Nallam Veera Stayanandam & Ors vs The Public Prosecutor, High Court … on 24 February, 2004Author: S Hegde Bench: N S Hegde, B P Singh.
Appeal (crl.) 920 of 1997
Nallam Veera Stayanandam & Ors.
The Public Prosecutor, High Court of A.P.
DATE OF JUDGMENT: 24/02/2004
N Santosh Hegde & B P Singh.
SANTOSH HEGDE, J.
The appellants before us were charged of offences punishable under section 304B and 498A IPC and were sentenced to undergo RI for a period of 7 and 2 years respectively by the by the Sessions Judge, East Godavari District at Rajahmundry, Andhra Pradesh. Said conviction and sentence of the appellants came to be confirmed by the High Court of Judicature, Andhra Pradesh at Hyderabad by the impugned judgment. Now they are in appeal before us. Prosecution case necessary for disposal of this appeal is as follows :
The first appellant before us is the son of appellant Nos.2 and 3 while appellant No.2 is the husband of appellant No.3. The first appellant was married to one Aruna Kumari which took place on 18.5.1990. It is the prosecution case that Aruna Kumari was the daughter of the sister of A-1. Thus, in reality Aruna Kumari had married her own maternal uncle. It is the further case of the prosecution that the appellants were constantly making demand from the parents of Aruna Kumari which, inter alia, included 1/3rd share in a house belonging to the parents of Aruna Kumari. Thus, the appellants were constantly harassing said Aruna Kumari. The prosecution in support of its case relating to harassment relied upon Ex. P-4 to P-6 letters written by Aruna Kumari between 12th May and 5th August, 1991. Prosecution also relies upon a Panchayat Ex. P-8 which took place and an agreement Ex. P-9 executed by the accused 1 and 2 undertaking to look after Aruna Kumari properly and not to harass her. It is the further case of the prosecution that on 12.7.1992 at about 3 p.m. deceased doused herself with kerosene and set herself afire due to which she suffered severe burn injuries. She was then taken to Government Hospital, Kothapeta, where noticing her condition the doctor sent a requisition to the Munsif Magistrate to make arrangements to record her dying declaration. Consequent to this request the Munsif Magistrate, PW-13 proceeded to the Government Hospital and recorded the dying declaration Ex. P- 28 at about 5.30 p.m. He states that before recording he asked the opinion of the doctor PW-10 whether the patient was in a fit condition to make a declaration and on being told that she was in a fit condition, he started recording her declaration. He states that while recording the said statement, he asked the Police and others attending on the patient to leave the room and he recorded her statement in a question and answer form. A perusal of this document Ex. P-28 shows that the deceased stated that she suffered the burn injuries accidentally because of a stove burst while she was preparing tea. There is nothing in this dying declaration to indicate even remotely that she committed suicide.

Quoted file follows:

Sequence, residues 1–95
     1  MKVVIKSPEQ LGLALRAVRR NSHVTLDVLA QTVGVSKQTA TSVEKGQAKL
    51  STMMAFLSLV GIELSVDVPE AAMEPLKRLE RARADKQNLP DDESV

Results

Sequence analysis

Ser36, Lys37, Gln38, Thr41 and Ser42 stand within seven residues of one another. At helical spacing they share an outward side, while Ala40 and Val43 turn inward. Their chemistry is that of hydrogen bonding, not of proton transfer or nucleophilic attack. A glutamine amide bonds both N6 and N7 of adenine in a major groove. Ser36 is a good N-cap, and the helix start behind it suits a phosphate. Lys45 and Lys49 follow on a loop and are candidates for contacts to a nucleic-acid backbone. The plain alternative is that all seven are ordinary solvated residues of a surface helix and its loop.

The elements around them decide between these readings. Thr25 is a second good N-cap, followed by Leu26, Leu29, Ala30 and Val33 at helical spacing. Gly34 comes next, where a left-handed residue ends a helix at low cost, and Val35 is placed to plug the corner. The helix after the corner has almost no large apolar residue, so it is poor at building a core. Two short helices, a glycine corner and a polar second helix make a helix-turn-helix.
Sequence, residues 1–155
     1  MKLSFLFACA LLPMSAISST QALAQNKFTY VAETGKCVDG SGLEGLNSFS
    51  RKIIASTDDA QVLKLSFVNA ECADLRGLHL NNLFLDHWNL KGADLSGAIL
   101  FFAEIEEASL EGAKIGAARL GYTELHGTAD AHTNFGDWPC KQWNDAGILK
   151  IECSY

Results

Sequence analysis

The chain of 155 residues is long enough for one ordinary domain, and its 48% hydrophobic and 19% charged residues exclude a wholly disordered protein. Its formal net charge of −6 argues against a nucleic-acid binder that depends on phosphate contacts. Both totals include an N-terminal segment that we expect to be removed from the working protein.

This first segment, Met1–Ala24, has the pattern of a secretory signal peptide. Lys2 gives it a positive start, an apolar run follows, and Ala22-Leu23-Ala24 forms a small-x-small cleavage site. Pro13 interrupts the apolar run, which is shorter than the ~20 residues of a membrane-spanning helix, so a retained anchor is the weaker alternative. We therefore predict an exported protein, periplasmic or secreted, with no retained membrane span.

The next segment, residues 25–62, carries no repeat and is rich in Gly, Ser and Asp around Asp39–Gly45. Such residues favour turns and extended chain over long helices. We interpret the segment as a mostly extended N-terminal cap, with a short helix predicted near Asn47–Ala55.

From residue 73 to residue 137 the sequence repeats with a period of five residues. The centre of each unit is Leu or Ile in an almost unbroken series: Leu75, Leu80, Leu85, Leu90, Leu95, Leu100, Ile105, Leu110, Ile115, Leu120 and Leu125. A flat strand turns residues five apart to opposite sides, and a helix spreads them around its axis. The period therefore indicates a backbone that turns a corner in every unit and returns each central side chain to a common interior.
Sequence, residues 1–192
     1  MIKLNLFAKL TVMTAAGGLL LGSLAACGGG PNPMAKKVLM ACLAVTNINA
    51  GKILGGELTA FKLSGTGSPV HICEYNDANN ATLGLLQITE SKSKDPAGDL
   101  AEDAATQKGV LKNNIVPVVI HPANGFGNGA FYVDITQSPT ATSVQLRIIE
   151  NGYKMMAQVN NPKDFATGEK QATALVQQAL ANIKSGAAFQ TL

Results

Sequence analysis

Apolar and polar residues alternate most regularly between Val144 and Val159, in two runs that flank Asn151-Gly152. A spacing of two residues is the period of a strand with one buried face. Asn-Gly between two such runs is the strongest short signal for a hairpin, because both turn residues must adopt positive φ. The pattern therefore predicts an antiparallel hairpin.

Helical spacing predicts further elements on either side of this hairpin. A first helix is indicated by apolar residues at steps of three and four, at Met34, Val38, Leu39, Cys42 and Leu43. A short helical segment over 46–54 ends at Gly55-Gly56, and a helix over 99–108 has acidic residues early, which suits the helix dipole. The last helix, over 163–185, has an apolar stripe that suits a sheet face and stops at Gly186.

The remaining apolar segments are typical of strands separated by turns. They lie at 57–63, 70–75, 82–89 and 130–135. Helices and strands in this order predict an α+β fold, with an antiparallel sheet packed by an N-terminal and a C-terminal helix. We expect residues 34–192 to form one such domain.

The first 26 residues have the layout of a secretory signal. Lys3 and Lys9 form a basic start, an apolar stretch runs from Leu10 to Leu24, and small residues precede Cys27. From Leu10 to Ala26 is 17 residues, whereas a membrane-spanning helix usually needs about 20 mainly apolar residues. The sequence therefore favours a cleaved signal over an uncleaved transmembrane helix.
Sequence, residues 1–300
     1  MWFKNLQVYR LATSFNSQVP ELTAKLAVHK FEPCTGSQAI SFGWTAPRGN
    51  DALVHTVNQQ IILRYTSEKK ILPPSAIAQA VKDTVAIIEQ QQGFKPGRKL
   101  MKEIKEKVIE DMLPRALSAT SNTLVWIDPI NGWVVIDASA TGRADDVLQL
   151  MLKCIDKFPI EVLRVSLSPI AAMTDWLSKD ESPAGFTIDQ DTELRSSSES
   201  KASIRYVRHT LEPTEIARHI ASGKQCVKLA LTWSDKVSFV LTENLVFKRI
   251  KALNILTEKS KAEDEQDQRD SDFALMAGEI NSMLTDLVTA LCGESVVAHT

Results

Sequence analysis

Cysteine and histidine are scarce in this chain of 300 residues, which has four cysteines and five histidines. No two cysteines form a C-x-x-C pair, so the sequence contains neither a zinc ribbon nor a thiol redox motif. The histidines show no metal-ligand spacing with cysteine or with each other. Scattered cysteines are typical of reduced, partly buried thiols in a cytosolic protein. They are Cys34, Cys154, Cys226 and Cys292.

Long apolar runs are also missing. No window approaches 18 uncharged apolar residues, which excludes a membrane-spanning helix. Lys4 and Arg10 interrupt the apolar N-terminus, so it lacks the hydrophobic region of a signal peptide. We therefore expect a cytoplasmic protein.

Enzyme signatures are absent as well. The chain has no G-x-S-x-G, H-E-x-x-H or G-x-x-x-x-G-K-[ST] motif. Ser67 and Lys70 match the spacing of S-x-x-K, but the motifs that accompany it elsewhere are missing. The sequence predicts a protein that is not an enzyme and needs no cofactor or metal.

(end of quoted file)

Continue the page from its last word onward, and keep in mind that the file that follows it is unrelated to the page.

Soon after this dying declaration was recorded, PW-11 who was then working as a Head Constable in Kothapeta Police Station, having received an intimation from the hospital, proceeded to the hospital and recorded another statement of the deceased marked as Ex. P-25. This statement also contains a certificate of PW-10 as to the condition of the patient to make a declaration. As per this dying declaration, the deceased stated that on being unable to bear the dowry demand and harassment meted out by her husband and in-laws, she poured kerosene on herself and set herself ablaze, consequent to which she suffered burn injuries. From the record it is seen that Aruna Kumari died at about 7.30 p.m. on the same day. During the course of investigation the prosecution examined nearly 14 witnesses out of whom PWs.1 to 5 and 7 speak to the demand of dowry made by the appellants as also the harassment meted out to the deceased. Prosecution has also produced Ex. P-4 to 7 — letters written by the deceased to her parents narrating the nature of dowry demand as also the harassment. Ex. P-8 is a Memorandum drawn up by the Panchayatdars calling upon the appellants to give an undertaking to treat the deceased properly. Ex. P-9 is an undertaking given by A-1 and A-2 to look after the deceased properly. It is on the basis of the above evidence collected during the course of investigation the appellants were charged for offences as stated above in the Court of District & Sessions Judge, Rajahmundry who as per his judgment dated 30.3.1994 convicted all the accused persons for offences punishable under sections 304B and 498A IPC. The said conviction and sentence came to be confirmed by the High Court of Judicature, Andhra Pradesh at Hyderabad by the impugned judgment and against which the appellants herein preferred a SLP. When the said petition came up before the Court on 26.11.1996, this Court dismissed the petition of the first appellant herein while notice confined to the petition of appellant Nos.2 and 3 alone was issued. However, subsequently, by entertaining a review petition filed by the first appellant as per its order dated 29.9.1997, this Court granted leave in regard to the petitions of all the three appellants, hence, all the 3 appellants are now before us in this appeal. In this appeal, Mr. P S Narasimha, learned counsel appearing for the appellants, submitted that both the courts below erred in rejecting the first dying declaration Ex. P-28 on unsustainable grounds and further erred in placing reliance on the subsequent dying declaration Ex. P-25 recorded by a Police official which gave a different version. He also submitted that the courts below erred in finding corroboration to the contents of the dying declaration Ex. P-25 from the evidence of the prosecution witnesses. He submitted that a dying declaration recorded by a Magistrate which is in conformity with the requirements of law, should always be preferred to an extra- judicial dying declaration made to a Police Officer and that too subsequent to the recording of the first dying declaration. Learned counsel pointed out if the contents of Ex. P-28, the dying declaration made to the Munsif Magistrate are unimpeachable and if the court is satisfied, reliance can safely be placed on the contents of the said dying declaration. Any amount of evidence to the contrary could not diminish the value of such dying declaration. He submitted the fact that the deceased died of accidental burns is not only spoken to by her in unequivocal terms, the same is also supported by the entries made by the doctor, PW-10 in the information sent by him to the Police as also in the accident register Ex. P-20 and 21 which were entries and information made prior to Ex. P-28 which also shows that the deceased had suffered accidental burns. He submitted that there was a dispute between the families of the deceased and the appellants and all the witnesses who have spoken about the harassment or demand for dowry are interested persons whose evidence cannot be relied upon to discard the statement of the deceased herself as to the cause of her death.